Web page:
Google AdWords has been rolling out some major changes that may affect your campaign for better or worse. As Google becomes more confident in its AI technology to revolutionize paid search and SEO, AdWords is making some careful adjustments to campaign bids and keyword match types to raise the stakes. Even mobile display ads have been refurbished to help monetize Google’s mobile first display.
Changes to Exact Match
Google has made another change to exact match targeting that will trigger ads for a “kind of” exact match query, regardless if it includes function words or varies in order. This change will now trigger ad impressions for search queries that add, replace, or remove a function word from their query. A function word is essentially a word that is meaningless on its own. Examples of function words include, conjunctions, prepositions, pronouns, modals, quantifiers, and auxiliary verbs.
Ads will begin to drive impressions for search queries that feature a different word order from the AdWords account keyword list. Google states no words will be added to create an impression, but if a function word is changed to create the same user intent, than the ad may still be triggered. For example, if you searched “Best SEO Books” this might display an ad with the keywords “Best Books about SEO.”
Google introduced close variants in 2012 to its exact match type to account for plurals, misspellings, and other small errors. Advertisers were able to opt out of close variants to assume more control of their traffic and keyword usage. But in 2014, Google eliminated this option and now Google has left advertisers to rely on machine learning to acquire their referral traffic for them.
Have changes to Google’s exact match targeting led to a dramatic new change to the Ad Rank threshold?
Changes to Ad Rank
People have reportedly seen CPCs rise across different verticals due to a change in the Ad Rank threshold. Query context has now become a factor accounting for ad spend. For example, informative queries will have a higher threshold than queries relating to retail products. This means that the CPC for an ad in a news vertical might be much higher than for a query relating to home appliances because these queries tend to display less ads.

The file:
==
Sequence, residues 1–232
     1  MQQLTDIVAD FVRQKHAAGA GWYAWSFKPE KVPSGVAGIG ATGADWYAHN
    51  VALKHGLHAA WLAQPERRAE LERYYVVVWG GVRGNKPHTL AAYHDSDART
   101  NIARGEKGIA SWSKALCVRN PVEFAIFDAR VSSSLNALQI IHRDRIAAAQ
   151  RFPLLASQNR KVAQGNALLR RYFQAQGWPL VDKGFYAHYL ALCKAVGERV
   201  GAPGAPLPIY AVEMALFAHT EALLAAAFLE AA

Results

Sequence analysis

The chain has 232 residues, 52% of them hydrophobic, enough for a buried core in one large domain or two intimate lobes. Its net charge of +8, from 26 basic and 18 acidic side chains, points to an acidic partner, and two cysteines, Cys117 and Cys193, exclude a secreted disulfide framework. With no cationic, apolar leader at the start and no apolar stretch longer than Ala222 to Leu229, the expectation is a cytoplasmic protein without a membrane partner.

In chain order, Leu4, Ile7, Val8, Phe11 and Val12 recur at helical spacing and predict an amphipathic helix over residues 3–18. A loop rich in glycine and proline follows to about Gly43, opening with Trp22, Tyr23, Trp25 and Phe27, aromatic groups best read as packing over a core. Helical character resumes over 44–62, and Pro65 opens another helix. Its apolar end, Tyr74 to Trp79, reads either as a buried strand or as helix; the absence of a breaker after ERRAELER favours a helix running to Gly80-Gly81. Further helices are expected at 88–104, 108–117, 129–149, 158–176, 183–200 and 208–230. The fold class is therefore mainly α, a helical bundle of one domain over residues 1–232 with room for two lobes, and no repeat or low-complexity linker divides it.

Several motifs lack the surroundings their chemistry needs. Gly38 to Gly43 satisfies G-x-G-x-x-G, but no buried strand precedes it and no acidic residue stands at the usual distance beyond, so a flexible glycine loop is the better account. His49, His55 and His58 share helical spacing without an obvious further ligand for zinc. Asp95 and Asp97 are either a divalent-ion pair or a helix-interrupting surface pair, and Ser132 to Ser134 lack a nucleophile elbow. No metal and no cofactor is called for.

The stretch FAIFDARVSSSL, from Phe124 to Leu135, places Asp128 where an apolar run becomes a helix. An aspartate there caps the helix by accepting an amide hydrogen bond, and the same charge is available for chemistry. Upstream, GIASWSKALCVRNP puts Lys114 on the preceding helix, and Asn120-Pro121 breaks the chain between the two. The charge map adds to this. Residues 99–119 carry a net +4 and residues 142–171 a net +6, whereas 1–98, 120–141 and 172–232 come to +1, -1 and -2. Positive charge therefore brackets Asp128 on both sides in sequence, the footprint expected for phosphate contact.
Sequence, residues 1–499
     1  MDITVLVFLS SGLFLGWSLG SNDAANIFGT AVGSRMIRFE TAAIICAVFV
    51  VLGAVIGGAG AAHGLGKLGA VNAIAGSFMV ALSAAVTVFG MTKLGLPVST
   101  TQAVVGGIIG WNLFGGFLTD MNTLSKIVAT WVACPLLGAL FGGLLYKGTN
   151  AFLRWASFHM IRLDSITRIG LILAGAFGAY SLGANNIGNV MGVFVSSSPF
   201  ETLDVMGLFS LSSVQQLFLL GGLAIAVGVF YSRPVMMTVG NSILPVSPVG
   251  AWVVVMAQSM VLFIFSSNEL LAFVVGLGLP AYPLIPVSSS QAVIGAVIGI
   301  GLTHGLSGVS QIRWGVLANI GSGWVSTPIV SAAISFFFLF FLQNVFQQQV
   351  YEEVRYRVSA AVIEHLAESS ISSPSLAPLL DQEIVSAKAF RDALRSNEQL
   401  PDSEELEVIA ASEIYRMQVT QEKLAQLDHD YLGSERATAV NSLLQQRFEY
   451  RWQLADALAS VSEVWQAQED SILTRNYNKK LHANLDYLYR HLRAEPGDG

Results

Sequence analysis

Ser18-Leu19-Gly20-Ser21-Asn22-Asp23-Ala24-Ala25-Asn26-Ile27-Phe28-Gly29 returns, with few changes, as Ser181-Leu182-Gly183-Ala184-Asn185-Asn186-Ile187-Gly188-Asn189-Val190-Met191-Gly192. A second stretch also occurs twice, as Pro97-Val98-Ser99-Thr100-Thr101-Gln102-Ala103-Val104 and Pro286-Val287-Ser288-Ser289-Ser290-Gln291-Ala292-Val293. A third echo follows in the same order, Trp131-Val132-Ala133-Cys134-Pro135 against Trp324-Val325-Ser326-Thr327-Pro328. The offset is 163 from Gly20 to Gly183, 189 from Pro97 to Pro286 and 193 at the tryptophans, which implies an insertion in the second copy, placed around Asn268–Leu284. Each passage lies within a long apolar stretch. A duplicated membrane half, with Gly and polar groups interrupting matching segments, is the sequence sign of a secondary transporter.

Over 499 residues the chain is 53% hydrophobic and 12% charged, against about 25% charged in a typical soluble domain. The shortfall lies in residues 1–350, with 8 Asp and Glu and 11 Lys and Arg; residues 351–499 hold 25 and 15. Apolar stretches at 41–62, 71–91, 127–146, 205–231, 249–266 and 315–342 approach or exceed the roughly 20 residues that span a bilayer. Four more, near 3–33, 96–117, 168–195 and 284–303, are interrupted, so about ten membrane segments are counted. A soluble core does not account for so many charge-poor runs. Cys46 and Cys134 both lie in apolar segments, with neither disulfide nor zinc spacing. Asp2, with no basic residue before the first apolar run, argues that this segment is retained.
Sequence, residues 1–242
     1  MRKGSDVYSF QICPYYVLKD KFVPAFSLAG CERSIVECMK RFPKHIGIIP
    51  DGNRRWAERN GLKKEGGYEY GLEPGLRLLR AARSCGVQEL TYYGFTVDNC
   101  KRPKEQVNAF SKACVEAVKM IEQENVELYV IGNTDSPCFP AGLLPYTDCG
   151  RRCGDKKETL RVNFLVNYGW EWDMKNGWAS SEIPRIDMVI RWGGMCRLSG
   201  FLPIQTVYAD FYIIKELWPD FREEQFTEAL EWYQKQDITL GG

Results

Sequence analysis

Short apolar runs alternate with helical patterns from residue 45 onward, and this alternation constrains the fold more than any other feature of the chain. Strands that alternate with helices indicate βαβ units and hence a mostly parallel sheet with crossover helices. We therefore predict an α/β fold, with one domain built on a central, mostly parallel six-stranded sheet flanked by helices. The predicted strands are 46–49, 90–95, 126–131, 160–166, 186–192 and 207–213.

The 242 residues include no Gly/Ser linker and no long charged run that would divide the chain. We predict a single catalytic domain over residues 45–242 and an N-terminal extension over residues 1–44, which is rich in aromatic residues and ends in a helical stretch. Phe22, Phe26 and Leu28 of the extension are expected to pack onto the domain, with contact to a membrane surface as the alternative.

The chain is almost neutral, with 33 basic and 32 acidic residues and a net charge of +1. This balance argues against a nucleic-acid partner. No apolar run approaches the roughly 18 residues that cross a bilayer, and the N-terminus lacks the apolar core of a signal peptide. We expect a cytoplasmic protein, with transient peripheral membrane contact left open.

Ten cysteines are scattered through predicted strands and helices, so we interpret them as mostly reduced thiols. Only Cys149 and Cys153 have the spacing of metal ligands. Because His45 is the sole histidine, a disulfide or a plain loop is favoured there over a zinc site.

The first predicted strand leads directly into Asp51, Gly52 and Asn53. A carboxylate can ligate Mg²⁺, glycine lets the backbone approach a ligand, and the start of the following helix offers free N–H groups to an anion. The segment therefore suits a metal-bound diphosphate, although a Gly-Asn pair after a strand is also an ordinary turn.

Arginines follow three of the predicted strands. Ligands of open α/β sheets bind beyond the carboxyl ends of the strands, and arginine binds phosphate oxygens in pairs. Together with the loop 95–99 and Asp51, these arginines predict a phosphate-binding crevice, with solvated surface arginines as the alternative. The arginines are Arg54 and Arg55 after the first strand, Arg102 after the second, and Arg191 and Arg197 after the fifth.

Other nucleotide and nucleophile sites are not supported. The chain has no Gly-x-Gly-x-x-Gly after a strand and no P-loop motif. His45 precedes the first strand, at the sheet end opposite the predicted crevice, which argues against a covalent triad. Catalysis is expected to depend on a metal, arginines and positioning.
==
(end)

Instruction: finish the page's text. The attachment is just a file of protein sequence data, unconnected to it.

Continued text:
Users may notice that their max CPC may increase even as their Quality Score (QS) stays relatively high. This is because advertising over a search query with a high threshold places greater importance on max spend in order to crack this threshold. While many thought this could also be a result of Google’s change to exact match targeting or the inclusion of historical QS data, the change seems rather logical on Google’s part.
AdWords recently released seven new Quality Score columns including historical Quality Score data going back as far as January, 2016. If you haven’t tracked your QS in the past, this will provide valuable data that will allow you to assess previous campaign performance and rediscover successful ppc campaigns.
Scheduling for Offline Conversions
AdWords has now enabled a feature to automatically import offline conversion data on a daily or weekly basis. Google states that this will cut down on human errors and save lots of time for advertisers. Google has even set up an AdWords help document to help set up scheduled imports. Google will even send you an email if an error occurs during the setup process.
Expanded Display Ads and Carousels
Early this year, Google disavowed its standard text ads for its expanded mobile display ads. Google’s new expanded text ad allowed for two headline fields and expanded the description character limit to 80 characters. Now, Google has given its expanded text ads a drop down menu to feature its own ad carousel. The carousel is only displayed when users choose to click the drop down menu.
With expanded text ads for mobile devices and changes to Google’s Ad Rank, AdWords has created innovative new features to save users time and increase their engagement.